10.4.1.2 __Model B -
Average or Interval Availability__

What we discussed in the previous section is the concept of
point availability which is the probability that the system is “up” and operating at
any point in time. Often, however, one may be interested in knowing what
percent or fraction of a time interval (a,b) a system can be expected to
operate. For example, we may want to determine the availability for some
mission time. This is called the interval or average availability,
A_{AV} , of a system and is given by the time average of the
availability function A(t) averaged over the interval (a,b):

For instance, if we want to know the fraction of time a system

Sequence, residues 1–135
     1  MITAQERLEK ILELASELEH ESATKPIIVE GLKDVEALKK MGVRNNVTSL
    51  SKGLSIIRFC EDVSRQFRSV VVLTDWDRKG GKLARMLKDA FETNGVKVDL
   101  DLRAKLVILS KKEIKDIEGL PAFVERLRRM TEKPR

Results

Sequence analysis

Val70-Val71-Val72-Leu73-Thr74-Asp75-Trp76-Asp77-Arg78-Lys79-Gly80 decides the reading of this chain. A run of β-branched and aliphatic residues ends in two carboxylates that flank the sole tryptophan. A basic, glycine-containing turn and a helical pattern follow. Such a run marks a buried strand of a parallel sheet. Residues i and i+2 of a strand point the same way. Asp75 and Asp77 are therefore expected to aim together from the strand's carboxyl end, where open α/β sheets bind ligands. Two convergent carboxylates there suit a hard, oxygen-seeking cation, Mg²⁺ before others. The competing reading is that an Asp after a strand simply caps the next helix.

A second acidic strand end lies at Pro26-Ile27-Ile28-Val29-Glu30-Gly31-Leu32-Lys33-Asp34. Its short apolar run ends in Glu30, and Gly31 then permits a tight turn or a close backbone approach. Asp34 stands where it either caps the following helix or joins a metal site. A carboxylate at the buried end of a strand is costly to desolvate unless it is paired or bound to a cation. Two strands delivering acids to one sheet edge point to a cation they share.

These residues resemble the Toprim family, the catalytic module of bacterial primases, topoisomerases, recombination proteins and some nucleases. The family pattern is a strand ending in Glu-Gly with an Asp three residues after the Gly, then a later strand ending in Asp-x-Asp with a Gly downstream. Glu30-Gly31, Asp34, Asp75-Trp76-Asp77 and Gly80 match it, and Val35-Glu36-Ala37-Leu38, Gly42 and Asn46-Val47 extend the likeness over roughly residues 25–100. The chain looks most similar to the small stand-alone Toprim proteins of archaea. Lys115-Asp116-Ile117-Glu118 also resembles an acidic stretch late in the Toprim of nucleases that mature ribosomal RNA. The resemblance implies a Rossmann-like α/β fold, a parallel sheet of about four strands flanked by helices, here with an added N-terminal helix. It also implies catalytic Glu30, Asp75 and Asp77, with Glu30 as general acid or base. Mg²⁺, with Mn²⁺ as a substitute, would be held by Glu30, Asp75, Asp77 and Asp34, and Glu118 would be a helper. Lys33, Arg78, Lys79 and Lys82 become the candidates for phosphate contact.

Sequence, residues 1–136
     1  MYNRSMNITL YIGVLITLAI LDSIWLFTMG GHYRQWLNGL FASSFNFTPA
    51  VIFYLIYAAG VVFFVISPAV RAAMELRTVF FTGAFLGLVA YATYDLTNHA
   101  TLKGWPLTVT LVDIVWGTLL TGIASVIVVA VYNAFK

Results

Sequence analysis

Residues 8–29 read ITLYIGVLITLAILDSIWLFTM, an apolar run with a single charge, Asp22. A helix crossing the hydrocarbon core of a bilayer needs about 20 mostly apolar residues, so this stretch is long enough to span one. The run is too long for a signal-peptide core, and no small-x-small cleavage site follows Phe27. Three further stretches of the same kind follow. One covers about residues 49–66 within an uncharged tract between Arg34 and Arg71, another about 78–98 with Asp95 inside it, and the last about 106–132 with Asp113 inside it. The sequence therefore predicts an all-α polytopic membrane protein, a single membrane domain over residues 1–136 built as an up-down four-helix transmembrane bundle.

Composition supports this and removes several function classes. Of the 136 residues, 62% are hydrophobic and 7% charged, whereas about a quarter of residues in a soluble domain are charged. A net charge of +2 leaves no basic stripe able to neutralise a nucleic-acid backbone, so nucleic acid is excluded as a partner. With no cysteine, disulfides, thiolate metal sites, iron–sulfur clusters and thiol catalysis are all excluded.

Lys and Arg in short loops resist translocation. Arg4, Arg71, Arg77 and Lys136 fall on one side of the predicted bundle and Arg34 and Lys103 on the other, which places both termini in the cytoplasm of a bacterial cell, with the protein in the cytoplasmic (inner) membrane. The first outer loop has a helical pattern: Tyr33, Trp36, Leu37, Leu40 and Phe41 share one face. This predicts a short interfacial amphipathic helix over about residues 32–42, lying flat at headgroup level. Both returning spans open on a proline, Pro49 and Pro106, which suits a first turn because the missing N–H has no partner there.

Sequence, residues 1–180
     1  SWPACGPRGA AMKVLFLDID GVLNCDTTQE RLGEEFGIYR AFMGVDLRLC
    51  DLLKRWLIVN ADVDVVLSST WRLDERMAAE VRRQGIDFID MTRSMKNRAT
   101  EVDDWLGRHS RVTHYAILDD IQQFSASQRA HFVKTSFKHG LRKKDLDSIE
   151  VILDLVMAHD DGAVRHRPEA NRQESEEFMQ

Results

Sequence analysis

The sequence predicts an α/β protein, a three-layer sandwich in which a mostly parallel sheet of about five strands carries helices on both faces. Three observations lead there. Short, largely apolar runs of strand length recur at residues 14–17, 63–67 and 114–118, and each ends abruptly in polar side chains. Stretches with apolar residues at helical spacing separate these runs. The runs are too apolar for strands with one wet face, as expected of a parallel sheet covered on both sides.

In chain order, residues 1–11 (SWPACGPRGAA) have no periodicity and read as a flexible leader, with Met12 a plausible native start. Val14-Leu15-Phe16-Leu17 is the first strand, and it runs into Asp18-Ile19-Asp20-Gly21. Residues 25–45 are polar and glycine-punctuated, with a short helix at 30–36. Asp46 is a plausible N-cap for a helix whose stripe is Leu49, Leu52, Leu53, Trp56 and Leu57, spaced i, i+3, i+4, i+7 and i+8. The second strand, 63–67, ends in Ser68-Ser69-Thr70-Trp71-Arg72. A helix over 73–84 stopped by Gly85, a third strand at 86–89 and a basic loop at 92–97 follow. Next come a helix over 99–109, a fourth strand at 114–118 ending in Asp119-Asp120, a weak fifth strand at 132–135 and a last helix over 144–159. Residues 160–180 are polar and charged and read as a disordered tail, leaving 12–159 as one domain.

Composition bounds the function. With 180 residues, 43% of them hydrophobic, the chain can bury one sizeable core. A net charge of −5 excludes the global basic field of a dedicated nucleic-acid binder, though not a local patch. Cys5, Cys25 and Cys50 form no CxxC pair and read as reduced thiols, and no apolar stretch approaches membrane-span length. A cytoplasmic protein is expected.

such as shown in Figure 10.4-2 will be operating counting from t = 0 to any
time, T, we substitute A(t) of Eq. (10.13) into Eq. (10.23) and perform the
integration. The result is:

Figure 10.4-3 shows the
relationship of A(t) to A_{AV}(t) for the exponential case. Note that
in the limit in the steady state we again get the availability A of Eq.
(10.18), i.e.,

But in the transient state of the process, as shown in the
figure for an interval (0, T), before equilibrium is reached A_{AV}(t)
is in the exponential case larger than A(t) for an interval (0, t). This is
not true for all distributions, since A(t) and A_{AV}(t) may be
subject to very large fluctuations in the transient state.

From Eq. (10.24) we may also get the average or expected “on”
time in an interval (0, t) by multiplying A_{AV}(t) and t, the length
of the time interval of interest. Ref. [8], pp.
74-83, contains an excellent mathematical
treatment of the pointwise and interval availability and related
concepts.

Unavailability (U) is simply one
minus availability (1-A).